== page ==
HARTFORD, Conn. – Facing a stronger-than-expected Democratic primary challenge and sagging poll numbers because of his support of the Iraq war, U.S. Sen. Joe Lieberman said Monday he'll collect signatures for an independent campaign if he loses next month's primary.
"While I believe that I will win the Aug. 8 primary, I know there are no guarantees in elections," Lieberman told reporters on the steps of Connecticut's statehouse Monday. "No one really knows how many Democrats will come out to vote on what may be a hot day in August."
Lieberman said he will remain a Democrat even if loses his party's primary. He said he plans to remain a part of the Senate's Democratic caucus if re-elected.
"I will stay a Democrat, whether I am the Democratic Party's nominee or a petitioning Democratic candidate on the November ballot," he said.
Once a Democratic stalwart and the party's 2000 vice presidential nominee, Lieberman has fallen into disfavor from some Connecticut Democrats for his support of the Iraq war and his perceived closeness to President Bush.
Opponent Ned Lamont, a multimillionaire owner of a cable television company with little political experience, is capitalizing on the anti-war backlash and is accusing Lieberman of being a Republican lapdog who has strayed from his Democratic roots.
Quinnipiac University polls show Lamont's support among registered Democrats increasing from 19 percent in May to 32 percent in June. Lieberman's support in the same period fell from 65 percent to 57 percent.
Lieberman maintains high ratings among Republicans and unaffiliated voters. Unaffiliated voters are the state's largest voting bloc, followed by Democrats and Republicans.
The poll also found that if Lieberman runs an unaffiliated campaign, he would win with 56 percent of the vote, compared with 18 percent for Lamont and 8 percent for Republican Alan Schlesinger.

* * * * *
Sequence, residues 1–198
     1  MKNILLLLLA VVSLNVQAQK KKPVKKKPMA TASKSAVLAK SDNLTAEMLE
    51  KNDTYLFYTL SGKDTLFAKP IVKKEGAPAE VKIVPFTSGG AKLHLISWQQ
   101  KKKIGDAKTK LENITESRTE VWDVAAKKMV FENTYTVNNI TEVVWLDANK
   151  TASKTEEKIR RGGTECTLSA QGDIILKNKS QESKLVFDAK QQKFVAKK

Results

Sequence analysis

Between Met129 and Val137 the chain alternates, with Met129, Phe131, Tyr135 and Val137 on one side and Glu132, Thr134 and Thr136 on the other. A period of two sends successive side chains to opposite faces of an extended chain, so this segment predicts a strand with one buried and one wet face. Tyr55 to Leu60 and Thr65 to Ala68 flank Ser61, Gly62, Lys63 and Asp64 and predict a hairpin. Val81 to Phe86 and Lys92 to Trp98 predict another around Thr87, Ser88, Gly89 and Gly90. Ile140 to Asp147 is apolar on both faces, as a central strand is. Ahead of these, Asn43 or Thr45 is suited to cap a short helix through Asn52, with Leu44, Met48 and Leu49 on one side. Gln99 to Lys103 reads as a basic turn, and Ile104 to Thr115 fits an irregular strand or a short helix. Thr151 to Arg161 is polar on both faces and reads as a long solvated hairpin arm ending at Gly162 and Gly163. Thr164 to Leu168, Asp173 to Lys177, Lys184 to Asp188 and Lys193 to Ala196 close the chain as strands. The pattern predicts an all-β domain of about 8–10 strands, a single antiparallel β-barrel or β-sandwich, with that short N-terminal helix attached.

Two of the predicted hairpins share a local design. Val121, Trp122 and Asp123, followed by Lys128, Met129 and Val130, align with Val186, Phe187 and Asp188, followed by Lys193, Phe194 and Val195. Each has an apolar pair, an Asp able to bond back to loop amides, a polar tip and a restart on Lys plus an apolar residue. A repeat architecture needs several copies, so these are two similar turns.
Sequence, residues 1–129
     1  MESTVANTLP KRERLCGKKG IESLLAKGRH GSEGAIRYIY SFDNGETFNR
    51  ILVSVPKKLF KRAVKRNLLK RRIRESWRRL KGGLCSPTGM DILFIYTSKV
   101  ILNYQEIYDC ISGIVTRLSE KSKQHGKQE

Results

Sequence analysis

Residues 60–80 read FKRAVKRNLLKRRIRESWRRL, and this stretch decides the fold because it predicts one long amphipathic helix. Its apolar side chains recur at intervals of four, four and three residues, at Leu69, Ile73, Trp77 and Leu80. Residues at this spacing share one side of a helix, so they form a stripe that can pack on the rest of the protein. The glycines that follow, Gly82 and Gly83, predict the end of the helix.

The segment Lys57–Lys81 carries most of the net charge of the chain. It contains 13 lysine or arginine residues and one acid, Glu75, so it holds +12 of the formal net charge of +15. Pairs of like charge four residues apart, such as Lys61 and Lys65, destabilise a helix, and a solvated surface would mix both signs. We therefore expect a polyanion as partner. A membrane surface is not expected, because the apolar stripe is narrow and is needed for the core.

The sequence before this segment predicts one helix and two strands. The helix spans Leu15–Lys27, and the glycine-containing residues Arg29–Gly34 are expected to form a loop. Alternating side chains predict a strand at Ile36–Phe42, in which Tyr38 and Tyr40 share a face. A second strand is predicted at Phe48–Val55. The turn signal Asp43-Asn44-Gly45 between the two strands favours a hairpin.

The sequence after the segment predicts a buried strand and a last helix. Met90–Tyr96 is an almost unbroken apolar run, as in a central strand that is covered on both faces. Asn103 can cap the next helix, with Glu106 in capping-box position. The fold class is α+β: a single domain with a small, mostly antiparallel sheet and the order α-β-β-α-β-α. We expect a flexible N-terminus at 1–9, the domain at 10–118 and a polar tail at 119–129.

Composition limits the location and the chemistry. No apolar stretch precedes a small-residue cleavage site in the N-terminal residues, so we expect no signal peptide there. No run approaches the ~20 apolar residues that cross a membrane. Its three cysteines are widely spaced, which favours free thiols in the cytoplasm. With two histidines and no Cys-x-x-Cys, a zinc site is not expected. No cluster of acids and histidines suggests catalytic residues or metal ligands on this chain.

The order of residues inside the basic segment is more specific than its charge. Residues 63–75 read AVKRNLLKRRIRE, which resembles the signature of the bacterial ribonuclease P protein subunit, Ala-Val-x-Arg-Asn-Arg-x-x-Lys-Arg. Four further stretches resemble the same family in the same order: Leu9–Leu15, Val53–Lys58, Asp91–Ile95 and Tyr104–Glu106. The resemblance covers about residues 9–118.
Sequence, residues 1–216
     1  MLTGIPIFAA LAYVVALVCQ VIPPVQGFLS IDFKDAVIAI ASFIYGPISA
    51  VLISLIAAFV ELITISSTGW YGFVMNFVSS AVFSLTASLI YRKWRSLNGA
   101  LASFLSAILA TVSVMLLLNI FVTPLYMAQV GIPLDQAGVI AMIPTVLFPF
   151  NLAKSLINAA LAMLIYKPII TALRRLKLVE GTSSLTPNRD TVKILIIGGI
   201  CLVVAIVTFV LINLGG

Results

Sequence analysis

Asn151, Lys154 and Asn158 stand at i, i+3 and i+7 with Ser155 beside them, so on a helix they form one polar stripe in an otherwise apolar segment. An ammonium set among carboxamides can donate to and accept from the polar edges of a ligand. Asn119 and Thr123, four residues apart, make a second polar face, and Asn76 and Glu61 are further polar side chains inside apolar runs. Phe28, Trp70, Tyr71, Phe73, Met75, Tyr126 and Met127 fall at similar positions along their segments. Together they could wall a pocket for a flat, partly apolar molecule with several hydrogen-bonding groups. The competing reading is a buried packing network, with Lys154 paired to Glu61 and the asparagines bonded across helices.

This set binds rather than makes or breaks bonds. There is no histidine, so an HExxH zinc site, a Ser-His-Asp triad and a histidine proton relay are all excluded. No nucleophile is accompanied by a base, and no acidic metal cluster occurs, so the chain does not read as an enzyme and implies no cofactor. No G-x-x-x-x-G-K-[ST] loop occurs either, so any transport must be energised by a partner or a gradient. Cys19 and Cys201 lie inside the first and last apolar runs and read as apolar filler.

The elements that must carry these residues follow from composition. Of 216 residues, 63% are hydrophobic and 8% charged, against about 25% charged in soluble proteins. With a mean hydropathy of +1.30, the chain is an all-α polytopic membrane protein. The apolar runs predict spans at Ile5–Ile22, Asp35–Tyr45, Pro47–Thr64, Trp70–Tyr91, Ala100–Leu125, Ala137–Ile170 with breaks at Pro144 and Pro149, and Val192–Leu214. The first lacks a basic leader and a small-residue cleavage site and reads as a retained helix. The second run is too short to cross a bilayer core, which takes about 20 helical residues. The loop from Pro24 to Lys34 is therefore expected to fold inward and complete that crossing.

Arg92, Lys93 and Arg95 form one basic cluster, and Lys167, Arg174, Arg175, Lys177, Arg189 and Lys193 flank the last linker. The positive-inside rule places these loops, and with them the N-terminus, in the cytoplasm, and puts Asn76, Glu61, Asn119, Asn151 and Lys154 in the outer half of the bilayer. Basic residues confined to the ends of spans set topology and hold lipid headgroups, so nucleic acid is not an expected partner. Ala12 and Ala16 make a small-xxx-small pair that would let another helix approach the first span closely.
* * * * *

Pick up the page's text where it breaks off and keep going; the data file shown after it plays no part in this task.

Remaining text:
Lieberman said his decision was influenced by Lamont's wealth and concerns of a low primary turnout. Lamont has so far spent $1.5 million of his own money on the campaign.
"What if my opponent, who says he is worth somewhere between $90 million and $300 million, decides to write bigger and bigger checks in the last weeks of the campaign?" he asked.
Lieberman said he wants to take his case to the entire state should he lose the primary.
"My opponent in the Democratic primary is asking Democrats to vote against me because of position on one issue, Iraq," Lieberman said. "I'm asking Democrats in the primary in August and the general election in November to consider my total record."
Lieberman has until Aug. 9 — the day after the Democratic primary — to collect 7,500 signatures from registered voters to land on the November ballot as an unaffiliated candidate. Experts have said his petition drive during the primary could further annoy Democrats who already question his party loyalty.
As of Monday morning, Lieberman's office had not sought petitions to circulate for an unaffiliated campaign, said Dan Tapper, spokesman for Secretary of the State Susan Bysiewicz.
Lieberman's campaign said no date has been set for the signature collections.